Chief Digital Officer Aaron Powell said he believes digital transformation is all about “personalisation and connectedness” for NHS Blood and Transplant, as he outlined how it has been using cloud-based data analytics capabilities to help save lives.
CIO 100 member Powell, who started at the NHS organisation responsible for the safe supply of blood to hospitals and for formulating the transplant system for the whole of the UK in October 2014, was discussing digital transformation and using IBM technologies for NHS Blood and Transplant’s organ allocation scheme.
“We’ve badged our digital transformation very much as being at the heart of what we do,” Powell said. “When our chief executive took over about three and a half years ago he made digital a watchword for the organisation and that heralded my appointed as Chief Digital Officer.”
A speaker at the 2016 CIO Summit where he discussed securing investment and executive-level buy-in for digital and change projects, Powell said that digital for NHS Blood and Transplant meant empowering all of it 5,000 employees as much as it did those who rely on the service.
“The problem with digital of course is that it can mean something different to everyone,” Powell said. “We’ve really badged it as being about personalisation and connectedness.
“Being a personal service for the donors, the people that we serve, and our staff – and we treat our staff as important constituents of our digital journey; we don’t give them second-class services. And connectedness in terms of joining up data, processes and the way that we work within our organisation but also across the wider NHS to make sure those services are as effective as they could possibly be.”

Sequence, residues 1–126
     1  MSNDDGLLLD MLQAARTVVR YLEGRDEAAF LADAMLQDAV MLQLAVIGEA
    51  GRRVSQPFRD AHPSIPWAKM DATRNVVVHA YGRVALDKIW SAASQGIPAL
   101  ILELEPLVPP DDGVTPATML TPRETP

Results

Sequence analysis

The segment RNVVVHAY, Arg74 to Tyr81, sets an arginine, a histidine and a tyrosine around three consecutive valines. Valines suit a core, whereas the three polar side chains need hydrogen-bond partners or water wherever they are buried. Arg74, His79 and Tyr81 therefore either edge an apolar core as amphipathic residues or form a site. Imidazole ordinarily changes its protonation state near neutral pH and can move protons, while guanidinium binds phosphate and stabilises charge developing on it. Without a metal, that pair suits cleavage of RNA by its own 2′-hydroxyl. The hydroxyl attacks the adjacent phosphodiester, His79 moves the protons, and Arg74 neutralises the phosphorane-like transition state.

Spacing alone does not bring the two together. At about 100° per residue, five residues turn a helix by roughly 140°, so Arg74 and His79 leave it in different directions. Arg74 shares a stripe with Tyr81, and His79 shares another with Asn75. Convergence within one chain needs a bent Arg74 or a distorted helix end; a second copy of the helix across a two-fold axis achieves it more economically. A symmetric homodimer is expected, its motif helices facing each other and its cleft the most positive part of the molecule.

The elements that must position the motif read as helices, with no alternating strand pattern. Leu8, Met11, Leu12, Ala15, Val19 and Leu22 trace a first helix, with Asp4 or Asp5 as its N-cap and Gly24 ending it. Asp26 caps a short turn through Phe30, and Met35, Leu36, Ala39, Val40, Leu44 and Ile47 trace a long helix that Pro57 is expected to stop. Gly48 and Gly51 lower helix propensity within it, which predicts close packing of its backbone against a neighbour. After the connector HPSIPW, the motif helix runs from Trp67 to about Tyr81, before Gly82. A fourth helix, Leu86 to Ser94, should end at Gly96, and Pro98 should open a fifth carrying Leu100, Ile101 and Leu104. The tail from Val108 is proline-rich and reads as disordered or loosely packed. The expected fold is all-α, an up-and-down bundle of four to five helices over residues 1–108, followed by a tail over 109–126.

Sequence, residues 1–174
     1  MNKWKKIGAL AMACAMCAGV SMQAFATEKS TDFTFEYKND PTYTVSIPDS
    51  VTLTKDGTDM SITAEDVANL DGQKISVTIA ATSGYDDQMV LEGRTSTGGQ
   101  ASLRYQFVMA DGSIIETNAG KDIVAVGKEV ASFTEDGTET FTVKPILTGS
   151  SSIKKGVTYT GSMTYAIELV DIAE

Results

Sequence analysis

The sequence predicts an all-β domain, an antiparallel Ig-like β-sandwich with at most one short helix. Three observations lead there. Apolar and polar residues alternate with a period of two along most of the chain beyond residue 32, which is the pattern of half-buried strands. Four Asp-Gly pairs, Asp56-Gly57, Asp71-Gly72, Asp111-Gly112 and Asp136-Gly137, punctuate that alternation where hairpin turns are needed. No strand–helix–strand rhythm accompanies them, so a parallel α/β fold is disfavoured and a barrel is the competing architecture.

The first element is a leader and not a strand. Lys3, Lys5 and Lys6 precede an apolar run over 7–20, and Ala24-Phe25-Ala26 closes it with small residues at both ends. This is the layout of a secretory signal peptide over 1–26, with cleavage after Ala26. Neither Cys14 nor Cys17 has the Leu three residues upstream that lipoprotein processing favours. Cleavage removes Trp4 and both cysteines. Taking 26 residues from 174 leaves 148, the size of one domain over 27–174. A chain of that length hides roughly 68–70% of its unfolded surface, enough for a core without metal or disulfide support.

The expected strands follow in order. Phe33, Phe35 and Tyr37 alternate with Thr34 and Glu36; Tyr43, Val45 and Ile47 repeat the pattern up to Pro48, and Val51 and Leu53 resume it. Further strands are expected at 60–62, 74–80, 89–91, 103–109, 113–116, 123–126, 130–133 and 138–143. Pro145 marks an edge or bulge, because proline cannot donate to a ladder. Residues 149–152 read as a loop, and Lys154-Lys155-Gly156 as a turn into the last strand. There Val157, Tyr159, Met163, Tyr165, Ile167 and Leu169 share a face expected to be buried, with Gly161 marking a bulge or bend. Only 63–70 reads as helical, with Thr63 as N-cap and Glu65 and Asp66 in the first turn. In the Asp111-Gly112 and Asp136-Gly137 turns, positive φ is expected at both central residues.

The Chief Digital Officer said that by using technology that utilised automation, intelligence and integration, NHS Blood and Transplant could improve its complex organ allocation scheme and ultimately save lives.
“Cloud services really come in in that integration and intelligence space because what we found is that the cloud enables us to integrate the data in a far more effective way,” Powell said.
“The cloud enables us to apply some of that intelligence and analytics tools, and also the predictive analytics – and we are starting our journey into predictive analytics.”
NHS Blood and Transplant’s organ allocation scheme balances three competing priorities, Powell explained. The need for equity and the idea that everyone should have an equal chance of a transplant. The principle of utility – the idea of getting maximum use from that transplant or the organs that are available, which can involve making decisions about what set of transplants will ultimately result in the most number of life years saved. And also fairness to support whoever has been waiting the longest.
Powell’s understatement was that “it’s quite complex”, but that two years ago the organisation started to use some of IBM’s workflow and automation tools for the scheme to streamline the 96 separate decisions NHS staff would have to make in order to offer organs from a single donor.
Powell’s team have managed to take out “about 40%” of the manual steps, while as a cloud-based deployment it offers greater flexibility in making the right information available to the right clinicians when and where it needs to be.
“Ultimately that has the effect of reducing the net time of donation, which benefits the family of the donors who have just been told their loved one has died,” Powell said. “As well as ensuring that overall the transplant is safer because the organ is where it needs to be and the clinician has access to all the right information – and ensuring we are applying the optimum allocation scheme for saving people’s lives.
“It’s been a substantial improvement; it’s really started to transform the way we allocate organs.”